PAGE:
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Let’s make this clear: terrorism will always exist, no matter what inhibitors are put in place. Terrorism is an extreme form of uprising with political and social intentions. The question, therefore, should be how do we reduce the risk of terrorism? Not, how do we stop terrorism?
Theresa May’s (Home Secretary) proposed plans for a new counter-extremism strategy seek to take action against extremists who preach hate and undermine British values but are not in breach of current democratic laws. This strategy, according to May, is designed to combat groups or individuals who are seeking to divide this one nation into “us and them”. May argues that the set measures are part of a bigger picture, to promote British values: “democracy, the rule of law, individual liberty and mutual respect and tolerance of those with different faiths and beliefs”.
This approach in reminding the British citizens what liberalism is about, is somewhat contradictory. Liberalism, by nature, restricts certain freedoms. These limitations are put in place by the state so that the liberty of the society as whole is maximised and guaranteed. So what the current government is doing is securing liberalism; right? Wrong! There are several issues with this approach and it will only fail in stopping extremism.
The initial problem is how extremism is defined in this context. The Prevent Strategy (UK’s Counter-Terrorism programme) defines extremism as “vocal or active opposition to fundamental British values, including democracy, the rule of law, individual liberty and mutual respect and tolerance of different faiths and beliefs. This also includes calls for the death of members of our armed forces, whether in this country or overseas”.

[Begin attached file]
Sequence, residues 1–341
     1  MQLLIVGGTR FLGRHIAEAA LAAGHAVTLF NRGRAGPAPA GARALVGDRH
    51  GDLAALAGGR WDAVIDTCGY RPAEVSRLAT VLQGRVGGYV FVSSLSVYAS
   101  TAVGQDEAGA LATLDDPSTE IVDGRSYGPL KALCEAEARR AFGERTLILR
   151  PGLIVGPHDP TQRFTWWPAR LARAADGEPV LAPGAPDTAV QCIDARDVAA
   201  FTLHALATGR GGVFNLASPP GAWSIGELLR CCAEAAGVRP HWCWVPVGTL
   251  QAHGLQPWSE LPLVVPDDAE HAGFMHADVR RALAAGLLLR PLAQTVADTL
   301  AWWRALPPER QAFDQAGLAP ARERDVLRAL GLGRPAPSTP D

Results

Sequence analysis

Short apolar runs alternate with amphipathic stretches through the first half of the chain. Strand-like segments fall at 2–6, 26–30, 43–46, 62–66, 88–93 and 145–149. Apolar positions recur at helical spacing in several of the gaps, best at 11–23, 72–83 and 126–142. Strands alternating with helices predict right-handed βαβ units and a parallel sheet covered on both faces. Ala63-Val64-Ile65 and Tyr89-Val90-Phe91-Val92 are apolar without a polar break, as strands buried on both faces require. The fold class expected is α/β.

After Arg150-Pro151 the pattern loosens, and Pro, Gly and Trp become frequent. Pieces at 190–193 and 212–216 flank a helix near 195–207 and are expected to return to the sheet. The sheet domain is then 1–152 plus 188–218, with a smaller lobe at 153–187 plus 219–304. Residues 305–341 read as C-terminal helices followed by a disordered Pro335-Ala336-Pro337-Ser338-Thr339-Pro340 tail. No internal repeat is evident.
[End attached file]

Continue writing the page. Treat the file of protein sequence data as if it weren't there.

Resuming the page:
As evident, extremism is defined very vaguely and there is no clear distinction between extreme opinion (tolerated by liberal society) and extreme violent actions (not tolerated by the liberal society). How can one distinguish between British National Party and an Islamic extremist preacher? After all, they are both in breach of British Values (i.e. participation in vocal and active opposition to mutual respect and tolerance of different faiths and beliefs as well as the rule of law). How can one group be tolerated and the other cannot? If 9/11 never occurred, would our perception of extremism differ? It is evident that the so called war on terror has influenced our concept of extremism. As soon as the word extremist or terrorist is used, one automatically associates this with Muslims or Islam.
This leads to the second issue that this strategy faces: creating suspect communities. As highlighted earlier, the current climate is hot on Islamist inspired terrorism and extremism. Therefore, it is vital that public debate on such issues becomes more nuanced – distinguishing between Islam (the faith) and Islamism (the belief of Islam as a political ideology). Doing so will help challenge prejudice and anti-Muslim views; whilst maintaining the ability to address views forwarded by the minority of Muslims within Britain who seek to impose an Islamist political system.